Why is not everyone happy with their boss? There are many possible reasons, but there is one simple explanation: the wrong person was promoted. Or, to put it better, because in most organizations the only way to recognize or reward good workers is by promoting them. Unfortunately, this decision can end up hurting more than one person.
Becoming a good boss requires training, patience, but above all, motivation
Talent is not universal. Let’s think of a great salesperson. What they like to do is make sales, to understand the needs of their clients, to have the freedom to organize their day and not to spend too much time in the office. However one day they are promoted and their duties change: they can keep some of their important clients, but they have to do more reports and spend more time improving their team. They may not know how to do this, but this is something that can be fixed. The real problem is when they do not want their new role. This is when the once amazing worker starts to get frustrated and becomes a nightmare for everyone around them. It is an example that can be applied to a brilliant employee in any field: be it an engineer, a nurse or an IT worker.
Managing people requires certain skills. As Marcus Buckingham metaphorically puts it, an excellent leader doesn’t play checkers, he plays chess. In checkers, all the pieces are the same and are interchangeable. In chess, however, every piece has a unique and different role. This means that a good leader has to know their team well, encourage meaningful conversation and spend time on the three keys to building motivation: What are the strong points of each team member? What can inspire those talents? And what is their style of learning? This is the only way team members will be willing to give the best of themselves.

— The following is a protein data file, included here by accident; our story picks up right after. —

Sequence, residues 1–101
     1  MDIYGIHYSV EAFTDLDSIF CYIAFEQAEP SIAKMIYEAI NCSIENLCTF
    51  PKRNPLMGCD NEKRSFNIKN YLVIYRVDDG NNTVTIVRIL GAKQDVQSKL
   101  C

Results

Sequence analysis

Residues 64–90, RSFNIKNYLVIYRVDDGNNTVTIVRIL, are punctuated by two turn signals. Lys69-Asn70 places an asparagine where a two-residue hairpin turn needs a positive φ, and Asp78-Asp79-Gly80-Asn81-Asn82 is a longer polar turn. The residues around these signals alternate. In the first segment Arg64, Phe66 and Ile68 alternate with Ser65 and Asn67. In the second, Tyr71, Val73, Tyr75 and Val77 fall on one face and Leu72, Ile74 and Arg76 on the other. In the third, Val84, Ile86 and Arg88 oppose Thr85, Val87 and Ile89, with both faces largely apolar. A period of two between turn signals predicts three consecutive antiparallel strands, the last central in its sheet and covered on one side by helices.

No one is born a leader. Becoming a good boss requires training, patience, but above all, motivation. But being appointed a boss should not be the only way your company recognizes your work. You can be an extraordinary professional without ever being a boss. And that’s fine too. Indeed, sometimes it’s better to stay in this position without having to deal with the difficulties of leading a team.
Ask yourself: am I just looking for social and financial recognition?
To sum up, the worst leaders aren’t the ones who don’t know how to lead, but the ones who can’t be bothered to – either because they don’t enjoy it or because they would rather spend their time doing different things. So, let’s not force ourselves to do what is not necessary and try to juggle too much.
First, we have to be honest and ask ourselves: am I really interested in managing people or am I just looking for social and financial recognition? (Remember bosses don’t always have it better, although it might seem that way from the outside, they have their own struggles too.)
And secondly, as much as possible, we should follow the example IBM set decades ago. Businesses should offer a path for workers to be bosses and managers, but also provide another path for workers who do not want to manage other people (though logically this is only possible for companies of a certain size). It is only when a person is comfortable with what they are doing and is motivated that they will be happy in their job and in life, and as a result, make the lives of the people around them easier as well.
English version by John Clarke.